How wonderful it would be if we could help our children and grandchildren to learn thanksgiving at an early age. Thanksgiving opens the doors. It changes a child’s personality. A child is resentful, negative—or thankful. Thankful children want to give, they radiate happiness, they draw people. — Sir John Templeton

Don’t wait until the last minute to plan a way to deliberately mark the Thanksgiving holiday other than stuffing yourself full of good food. These suggestions might make planning easier:

  • Don’t cook! Yes, it’s radical, but still possible. Plenty of local restaurants offer special Thanksgiving meal deals and other places provide take-out options. If you are spending all your Thanksgiving family time with the oven, it doesn’t have to be that way. Create your own tradition that enables everyone to enjoy being together.
  • If you’ve got to cook, get everyone involved in mealtime preparation. Cooking is a great way to get kids interested in science, math and physics, not to mention history and tradition. Children also will be more enthusiastic about Thanksgiving if they have a part to play. Just pick the task(s) best suited to their age and ability.
  • Tell family stories at the table. A twist on the old “here’s what I’m thankful for,” this has potential to engage the entire family just before the Tryptophan from the turkey kicks in. Need help coming up with a creative way to get things started? Try the talking fork. No, seriously. The Family Education web site  is full of other Thanksgiving tips this holiday season.
  • Reflect on thankfulness. For families with older kids, print out a variety of quotes, hymn text, and/or Bible verses and place on everyone’s plate to share. This is a nice alternative for shy folks who might not care to share out loud what they’re thankful for. It can also broaden horizons just a bit. Consider this quote from Anne Frank: “I do not think of all the misery, but of the glory that remains. Go outside into the fields, nature and the sun, go out and seek happiness in yourself and in God. Think of the beauty that again and again discharges itself within and without you and be happy.”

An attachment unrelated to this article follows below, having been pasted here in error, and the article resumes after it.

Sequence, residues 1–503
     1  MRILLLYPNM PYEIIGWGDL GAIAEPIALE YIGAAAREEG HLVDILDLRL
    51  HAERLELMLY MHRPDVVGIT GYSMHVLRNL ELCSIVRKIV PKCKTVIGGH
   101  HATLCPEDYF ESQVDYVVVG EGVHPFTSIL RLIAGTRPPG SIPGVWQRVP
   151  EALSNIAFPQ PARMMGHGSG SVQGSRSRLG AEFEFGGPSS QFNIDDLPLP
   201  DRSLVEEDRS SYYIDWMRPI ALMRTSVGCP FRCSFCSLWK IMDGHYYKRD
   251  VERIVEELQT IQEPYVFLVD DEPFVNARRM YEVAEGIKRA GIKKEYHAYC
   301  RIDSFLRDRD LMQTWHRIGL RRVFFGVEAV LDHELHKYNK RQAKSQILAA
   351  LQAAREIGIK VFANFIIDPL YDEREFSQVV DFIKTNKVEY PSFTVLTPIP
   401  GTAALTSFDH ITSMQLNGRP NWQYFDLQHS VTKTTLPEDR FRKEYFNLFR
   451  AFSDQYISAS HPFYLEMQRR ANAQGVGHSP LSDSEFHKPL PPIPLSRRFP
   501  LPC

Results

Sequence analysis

• Work Off That Turkey. Use your post-meal time for more than pre-game football. Before your family gathers, get together and decide on a project you would like to undertake for someone in your neighborhood. Perhaps your elderly neighbor has a fence that needs painting or yard work that needs to be done. Your offer of help may be the thing that makes another person feels blessed. Of course you could also stick to more traditional outreach efforts — help serve a meal at a local shelter, donate food or funds, visit a nursing home, or simply invite a few friends without Thanksgiving plans to join your family meal.
  • Don’t forget the prayer! Need some inspiration for that Thanksgiving dinner prayer? Here are a few ideas you could use or adapt:

A Thanksgiving Day Prayer
Lord, so often times, as any other day
When we sit down to our meal and pray
We hurry along and make fast the blessing
Thanks, amen. Now please pass the dressing
We’re slaves to the olfactory overload
We must rush our prayer before the food gets cold
But Lord, I’d like to take a few minute more
To really give thanks to what I’m thankful for
For my family, my health, a nice soft bed
My friends, my freedom, a roof over my head
I’m thankful right now to be surrounded by those
Whose lives touch me more than they’ll ever possibly know
Thankful Lord, that You’ve blessed me beyond measure
Thankful that in my heart lives life’s greatest treasure
That You, dear Jesus, reside in that place
And I’m ever so grateful for Your unending grace
So please, heavenly Father, bless this food You’ve provided
And bless each and every person invited Amen!

–Scott Wesemann

For each new morning with its light,
For rest and shelter of the night,
For health and food,
For love and friends,
For everything Thy goodness sends.
–Ralph Waldo Emerson (1803-1882)

We Gather Together
We gather together to ask the Lord’s blessing;
He chastens and hastens his will to make known;
The wicked oppressing now cease from distressing,
Sing praises to his name: He forgets not his own.

Beside us to guide us, our God with us joining,
Ordaining, maintaining his kingdom divine;
So from the beginning the fight we were winning;
Thou, Lord, wast at our side, All glory be thine!

We all do extol thee, thou leader triumphant,
And pray that thou still our defender wilt be.
Let thy congregation escape tribulation;
Thy name be ever praised! O Lord, make us free!

–Traditional Thanksgiving Hymn
(A translation by Theodore Baker: 1851-1934)

We Give Thanks Our Father in Heaven,
We give thanks for the pleasure
Of gathering together for this occasion.
We give thanks for this food
Prepared by loving hands.
We give thanks for life,
The freedom to enjoy it all
And all other blessings.
As we partake of this food,
We pray for health and strength
To carry on and try to live as You would have us.
This we ask in the name of Christ, Our Heavenly Father.
–Harry Jewell

Thanksgiving gives us all an opportunity to pause, even if just for a few hours, and reflect on our many blessings. Though they may moan and groan a bit, most children are thrilled to have a day with just family and will participate enthusiastically in any new tradition or activity. Such times provide a memorable foundation as we give our children “wings” into their own lives. Blessings abound! Celebrate together now.

— Brainstormed and compiled by Ruth Cole Burcaw, Children & Family Life Commission co-chair, who has no intention of cooking for Thanksgiving. Fortunately, her good friend Deejie does!!